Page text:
Since emerging in 2012 as an inexpensive platform for teaching students about code and the machines that run it, the Raspberry Pi has become something of a digital Swiss Army knife: a tiny, highly adaptable tool that can be programmed to do everything from emulating classic video games to controlling airborne drones.
Thanks to its low price (some versions start as low as $5), customizable operating system and wide support in the open source community, there are now hundreds of DIY projects for the Raspberry Pi.
A few headline-grabbing Pi projects demonstrate the dark potential of a computer that’s smaller than a credit card, running specialized code to hack laptops and other devices via USB port. But the use of the Raspberry Pi as a security enforcer is taking the limelight away from hackers, particularly in the Internet of Things. For example, the Sweet Security project by Travis Smith uses the Raspberry Pi to defend connected devices. Building on 20-year-old open source code that can monitor for network intrusions, Sweet Security shows that it’s possible to add strong security to IoT rollouts, on a very cost-effective basis.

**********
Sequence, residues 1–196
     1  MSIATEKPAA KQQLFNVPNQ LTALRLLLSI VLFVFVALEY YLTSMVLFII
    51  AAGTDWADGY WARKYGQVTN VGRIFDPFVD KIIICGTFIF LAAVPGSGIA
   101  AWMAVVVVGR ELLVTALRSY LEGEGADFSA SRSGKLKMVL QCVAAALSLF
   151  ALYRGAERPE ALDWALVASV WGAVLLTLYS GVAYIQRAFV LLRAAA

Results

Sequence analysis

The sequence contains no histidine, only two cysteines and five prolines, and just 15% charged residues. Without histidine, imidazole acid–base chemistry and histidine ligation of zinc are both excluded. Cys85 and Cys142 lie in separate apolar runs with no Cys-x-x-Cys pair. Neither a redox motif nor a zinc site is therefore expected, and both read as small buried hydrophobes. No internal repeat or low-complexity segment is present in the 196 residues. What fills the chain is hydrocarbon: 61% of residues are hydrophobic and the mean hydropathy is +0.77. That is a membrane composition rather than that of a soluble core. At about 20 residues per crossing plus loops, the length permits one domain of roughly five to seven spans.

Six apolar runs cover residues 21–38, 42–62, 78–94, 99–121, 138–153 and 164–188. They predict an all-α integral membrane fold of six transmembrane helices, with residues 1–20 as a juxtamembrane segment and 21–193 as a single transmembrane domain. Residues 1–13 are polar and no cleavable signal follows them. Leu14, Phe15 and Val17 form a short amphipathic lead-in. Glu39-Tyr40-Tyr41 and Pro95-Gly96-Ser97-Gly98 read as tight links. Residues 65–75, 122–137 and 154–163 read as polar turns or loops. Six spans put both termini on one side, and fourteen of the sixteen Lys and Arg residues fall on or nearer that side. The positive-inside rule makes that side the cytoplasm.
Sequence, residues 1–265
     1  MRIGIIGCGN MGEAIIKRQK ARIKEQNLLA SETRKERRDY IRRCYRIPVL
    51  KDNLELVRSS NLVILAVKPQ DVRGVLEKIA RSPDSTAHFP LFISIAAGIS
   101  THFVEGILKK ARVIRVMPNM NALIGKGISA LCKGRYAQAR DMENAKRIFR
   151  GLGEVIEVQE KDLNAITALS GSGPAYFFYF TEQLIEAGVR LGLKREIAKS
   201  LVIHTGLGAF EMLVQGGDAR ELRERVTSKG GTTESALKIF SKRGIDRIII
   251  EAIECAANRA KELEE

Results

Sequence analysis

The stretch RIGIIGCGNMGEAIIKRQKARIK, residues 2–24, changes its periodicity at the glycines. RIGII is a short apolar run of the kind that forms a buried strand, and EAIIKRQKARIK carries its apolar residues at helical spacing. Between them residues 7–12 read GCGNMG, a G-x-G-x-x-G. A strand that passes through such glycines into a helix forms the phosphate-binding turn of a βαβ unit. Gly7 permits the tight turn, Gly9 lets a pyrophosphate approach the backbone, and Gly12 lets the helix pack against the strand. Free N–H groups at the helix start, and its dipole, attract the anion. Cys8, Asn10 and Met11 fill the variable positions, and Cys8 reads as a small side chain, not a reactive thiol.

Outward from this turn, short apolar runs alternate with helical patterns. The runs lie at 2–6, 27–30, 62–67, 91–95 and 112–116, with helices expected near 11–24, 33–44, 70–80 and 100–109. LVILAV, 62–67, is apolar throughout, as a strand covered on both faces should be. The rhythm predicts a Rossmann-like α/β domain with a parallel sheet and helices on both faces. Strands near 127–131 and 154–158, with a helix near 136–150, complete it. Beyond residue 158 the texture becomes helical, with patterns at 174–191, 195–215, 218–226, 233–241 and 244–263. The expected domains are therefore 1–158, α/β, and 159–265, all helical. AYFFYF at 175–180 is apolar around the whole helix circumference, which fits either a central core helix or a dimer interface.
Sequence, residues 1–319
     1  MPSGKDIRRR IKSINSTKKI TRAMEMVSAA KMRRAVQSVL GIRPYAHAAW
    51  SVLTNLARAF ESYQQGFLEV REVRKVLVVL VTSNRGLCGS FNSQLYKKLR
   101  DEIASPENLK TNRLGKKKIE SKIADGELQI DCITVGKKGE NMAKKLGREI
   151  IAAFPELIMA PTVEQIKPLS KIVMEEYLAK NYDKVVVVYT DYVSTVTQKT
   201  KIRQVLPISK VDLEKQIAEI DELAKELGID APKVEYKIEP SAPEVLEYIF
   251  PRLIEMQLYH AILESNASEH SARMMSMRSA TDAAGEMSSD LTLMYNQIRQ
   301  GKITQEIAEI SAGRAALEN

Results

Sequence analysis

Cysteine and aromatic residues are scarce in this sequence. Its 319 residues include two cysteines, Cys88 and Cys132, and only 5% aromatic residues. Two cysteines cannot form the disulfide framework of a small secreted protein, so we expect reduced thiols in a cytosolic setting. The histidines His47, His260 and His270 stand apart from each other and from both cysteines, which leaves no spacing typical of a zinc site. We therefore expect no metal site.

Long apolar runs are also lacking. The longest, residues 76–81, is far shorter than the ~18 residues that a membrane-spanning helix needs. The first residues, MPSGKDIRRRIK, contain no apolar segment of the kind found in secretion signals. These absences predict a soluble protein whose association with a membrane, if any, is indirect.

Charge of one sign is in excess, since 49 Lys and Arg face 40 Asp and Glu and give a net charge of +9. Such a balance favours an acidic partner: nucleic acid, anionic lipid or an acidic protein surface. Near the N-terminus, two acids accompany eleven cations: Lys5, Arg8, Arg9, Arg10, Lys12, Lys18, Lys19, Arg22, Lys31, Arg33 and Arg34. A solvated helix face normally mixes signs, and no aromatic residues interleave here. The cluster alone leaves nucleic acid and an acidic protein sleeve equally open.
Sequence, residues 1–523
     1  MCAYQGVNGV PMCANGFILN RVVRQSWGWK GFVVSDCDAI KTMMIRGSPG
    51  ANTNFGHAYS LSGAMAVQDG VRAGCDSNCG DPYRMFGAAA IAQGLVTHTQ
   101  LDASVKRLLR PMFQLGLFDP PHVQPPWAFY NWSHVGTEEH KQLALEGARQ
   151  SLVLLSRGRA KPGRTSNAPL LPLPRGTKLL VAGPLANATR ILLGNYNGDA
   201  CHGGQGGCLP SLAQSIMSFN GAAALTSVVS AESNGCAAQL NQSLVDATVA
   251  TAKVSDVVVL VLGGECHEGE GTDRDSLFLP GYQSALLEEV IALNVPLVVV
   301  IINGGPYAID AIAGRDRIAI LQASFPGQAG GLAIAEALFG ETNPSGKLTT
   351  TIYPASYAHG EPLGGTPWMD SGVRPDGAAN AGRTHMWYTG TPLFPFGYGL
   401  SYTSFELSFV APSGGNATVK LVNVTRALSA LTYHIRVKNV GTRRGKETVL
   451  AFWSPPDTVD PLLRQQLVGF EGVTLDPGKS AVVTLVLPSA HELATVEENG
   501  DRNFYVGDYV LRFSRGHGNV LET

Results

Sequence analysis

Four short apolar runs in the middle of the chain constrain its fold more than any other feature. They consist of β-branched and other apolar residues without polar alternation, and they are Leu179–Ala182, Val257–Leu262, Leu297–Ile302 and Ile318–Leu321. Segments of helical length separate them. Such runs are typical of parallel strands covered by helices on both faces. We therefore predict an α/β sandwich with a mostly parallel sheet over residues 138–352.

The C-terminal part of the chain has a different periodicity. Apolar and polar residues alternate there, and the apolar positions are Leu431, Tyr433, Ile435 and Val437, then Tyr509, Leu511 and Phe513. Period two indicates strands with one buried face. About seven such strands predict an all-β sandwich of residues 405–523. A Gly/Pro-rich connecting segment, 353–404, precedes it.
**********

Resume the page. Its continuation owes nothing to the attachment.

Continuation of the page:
There’s also a growing movement among hobbyists to turn the Raspberry Pi into a full-fledged alternative to pricey home-security systems. With the ability to connect peripherals like motion sensors, video cameras and water sensors, these tiny computers can track and notify homeowners about almost any aspect of their home, from energy usage to identifying when non-family members are present.
The legion of Raspberry Pi fans point to the fact that unlike home security solutions marketed by big companies, all the data you and your family generate in a Pi-reliant system stays under your control, shared only if you choose.
Even in the age of online sharing, makers and information-creators are increasingly interested in controlling and safeguarding their valuable intellectual property. The Raspberry Pi is an unexpected, useful addition to the future of security.